By asking “Who Killed Snow White?”, 4th Line Theatre’s second production of its 2018 summer playbill creates the impression that a great mystery will be solved before the final line is delivered.
Far for us to argue with multi-awarded playwright Judith Thompson’s intent but, as she herself acknowledged during a recent sit-down at 4th Line Theatre’s Winslow Farm home, her script more importantly dissects “what” killed Snow White in its quest to answer “who”.
Exploring the journey of a family supporting one its own as she battles to stay strong in the face of bullying and harassment, Who Killed Snow White? shines an insightful yet disturbing light on the roots of sexual violence and “the culture of toxic masculinity” that has dominated news headlines with increasing regularity.
According to Thompson, an “urgency to do something” — which she shares with director Kim Blackwell — is rooted in outrage.
“We’re not MPs, we can’t create policy but we can reach an audience through theatre,” says Thompson, who has done just that with critically acclaimed regularity since penning her first play, The Crackwalker, close to 40 years ago.
“It’s an honour for me to work on this story, but it’s a terrible and disquieting experience to dive deeply into it. Sadly, it is local. I haven’t based it on a local story but we know that in every town, in every province, something like this has happened. It’s an epidemic.”
According to Blackwell, the roots of the play go back a few years to when she and Thompson got together with a group of young people in Peterborough to hear firsthand what issues they face.
“I was really struck by the pain they were in and how prevalent it is,” says Blackwell, who has directed 16 4th Line Theatre productions including seven world premieres.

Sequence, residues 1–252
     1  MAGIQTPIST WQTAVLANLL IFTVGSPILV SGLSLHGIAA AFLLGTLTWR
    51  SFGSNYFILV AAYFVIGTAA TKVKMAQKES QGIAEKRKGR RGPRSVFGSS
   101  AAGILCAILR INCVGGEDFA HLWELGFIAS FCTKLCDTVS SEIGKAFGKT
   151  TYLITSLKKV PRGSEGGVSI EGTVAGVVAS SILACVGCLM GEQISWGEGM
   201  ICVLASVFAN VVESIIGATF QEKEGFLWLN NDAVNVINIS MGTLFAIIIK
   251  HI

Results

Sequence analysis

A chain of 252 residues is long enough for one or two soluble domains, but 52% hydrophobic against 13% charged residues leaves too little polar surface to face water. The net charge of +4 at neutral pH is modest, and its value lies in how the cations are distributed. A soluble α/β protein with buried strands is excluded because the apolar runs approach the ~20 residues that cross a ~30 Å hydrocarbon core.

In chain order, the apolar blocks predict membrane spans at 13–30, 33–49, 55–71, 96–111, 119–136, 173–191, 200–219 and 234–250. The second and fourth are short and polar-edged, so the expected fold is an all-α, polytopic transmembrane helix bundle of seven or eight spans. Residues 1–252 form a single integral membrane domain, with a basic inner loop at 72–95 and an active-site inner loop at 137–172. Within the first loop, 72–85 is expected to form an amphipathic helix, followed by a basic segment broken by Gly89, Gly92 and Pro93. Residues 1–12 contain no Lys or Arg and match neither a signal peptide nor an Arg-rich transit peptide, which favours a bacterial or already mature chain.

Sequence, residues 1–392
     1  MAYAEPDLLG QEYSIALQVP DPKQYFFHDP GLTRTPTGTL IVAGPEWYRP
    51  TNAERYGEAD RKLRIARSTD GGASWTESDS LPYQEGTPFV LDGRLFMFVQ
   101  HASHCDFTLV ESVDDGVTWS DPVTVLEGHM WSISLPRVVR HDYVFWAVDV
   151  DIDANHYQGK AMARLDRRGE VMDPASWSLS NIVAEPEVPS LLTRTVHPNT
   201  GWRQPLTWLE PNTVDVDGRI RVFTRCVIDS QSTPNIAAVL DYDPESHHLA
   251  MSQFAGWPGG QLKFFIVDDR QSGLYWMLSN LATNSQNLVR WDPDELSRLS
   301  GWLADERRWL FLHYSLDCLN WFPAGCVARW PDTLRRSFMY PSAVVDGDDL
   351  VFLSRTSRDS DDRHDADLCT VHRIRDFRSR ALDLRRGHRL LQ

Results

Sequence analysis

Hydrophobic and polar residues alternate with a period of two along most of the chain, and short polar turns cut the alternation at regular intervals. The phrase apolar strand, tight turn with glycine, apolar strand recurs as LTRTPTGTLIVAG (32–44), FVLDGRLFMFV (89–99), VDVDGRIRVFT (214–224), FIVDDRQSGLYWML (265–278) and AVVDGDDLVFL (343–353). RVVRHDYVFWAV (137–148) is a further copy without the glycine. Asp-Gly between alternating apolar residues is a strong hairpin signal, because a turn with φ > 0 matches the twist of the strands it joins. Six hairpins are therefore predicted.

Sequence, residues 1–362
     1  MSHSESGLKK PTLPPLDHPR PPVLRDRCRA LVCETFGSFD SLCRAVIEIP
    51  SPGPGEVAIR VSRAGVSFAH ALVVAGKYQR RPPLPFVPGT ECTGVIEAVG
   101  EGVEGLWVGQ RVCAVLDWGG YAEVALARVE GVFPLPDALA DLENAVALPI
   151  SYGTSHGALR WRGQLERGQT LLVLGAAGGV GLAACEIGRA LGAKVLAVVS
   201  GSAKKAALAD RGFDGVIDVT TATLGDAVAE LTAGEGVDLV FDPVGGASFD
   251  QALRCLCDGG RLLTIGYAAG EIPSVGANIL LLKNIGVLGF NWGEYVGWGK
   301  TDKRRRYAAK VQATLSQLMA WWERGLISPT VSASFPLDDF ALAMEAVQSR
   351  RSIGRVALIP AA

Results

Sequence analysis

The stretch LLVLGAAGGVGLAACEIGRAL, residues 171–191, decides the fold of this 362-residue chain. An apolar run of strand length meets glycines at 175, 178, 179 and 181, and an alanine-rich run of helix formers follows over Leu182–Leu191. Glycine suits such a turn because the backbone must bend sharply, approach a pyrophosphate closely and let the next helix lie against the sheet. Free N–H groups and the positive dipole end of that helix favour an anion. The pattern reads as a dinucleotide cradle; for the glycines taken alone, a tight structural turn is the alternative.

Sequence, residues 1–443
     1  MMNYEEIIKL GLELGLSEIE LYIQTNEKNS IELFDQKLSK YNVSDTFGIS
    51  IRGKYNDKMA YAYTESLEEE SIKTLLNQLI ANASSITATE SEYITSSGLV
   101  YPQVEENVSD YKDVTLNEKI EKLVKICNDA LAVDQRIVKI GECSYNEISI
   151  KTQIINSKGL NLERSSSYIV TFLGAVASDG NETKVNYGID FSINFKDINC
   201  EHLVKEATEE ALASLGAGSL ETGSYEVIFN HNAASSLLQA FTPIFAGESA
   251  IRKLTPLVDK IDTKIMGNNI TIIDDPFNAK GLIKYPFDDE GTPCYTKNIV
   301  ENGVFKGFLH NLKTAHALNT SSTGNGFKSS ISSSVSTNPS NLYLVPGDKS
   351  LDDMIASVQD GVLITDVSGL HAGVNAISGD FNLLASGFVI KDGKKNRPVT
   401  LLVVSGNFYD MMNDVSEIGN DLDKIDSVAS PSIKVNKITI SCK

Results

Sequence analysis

“The young people in the play’s chorus, aged nine to sixteen, they’re all facing some form of harassment or bullying on social media. I had no idea. As a parent of a 12-year-old daughter, it really struck me.
“It’s important to explore this issue. We’re exploring it in a really entertaining, thoughtful and compelling way. There’s nothing shocking or gratuitous in the piece. Judith has made it true for us and for this community. I think there’s an opportunity here for families to come together and start having the conversation.”
“Our fear of the topic is stopping us from talking to our kids in a thoughtful and honest and open way. There’s a lot of hidden stuff on social media. There are sites we don’t know about that they (our kids) are on where they’re being bullied and harassed. Not Facebook. That’s for us old guys. A zillion other sites we’re not aware of. It’s about talking to our kids about what they’re experiencing and not being afraid to do so.”
Portraying Serena — the young girl being bullied and harassed — is Toronto-based actress and writer Grace Thompson, the playwright’s daughter. Her character, she says, “is different … she starts school being bullied. She doesn’t fit in.”
Serena befriends Riley, played by veteran 4th Line actor Tom Keat.
“He’s queer and doesn’t know if he’s going to fit in,” Grace explains. “She says ‘People don’t like me, just so you know. Be aware. You hang out with me you might be lumped in. This isn’t going to help your social situation.’
“But with that friendship comes power. Eventually her friend (Fantasia, played by Cassandra Guthrie), who turned against her, is back and they form this trio. They feel unstoppable, like they can take on high school. They get invited to a party and she starts to feel she’s climbing the social ladder. Things are getting better, but at this party everything goes downhill. All hope falls apart.”
“There are so many Serenas. I knew Serenas. I was a Serena. I think everyone will be able to see themselves in this character. At one point, everyone has felt like an underdog and felt they weren’t seen in a proper way. This is happening right now everywhere and it’s not talked about enough, and because it’s not talked about enough, nothing’s been done about it. Art tells the story in a way that we can emotionally connect to it.”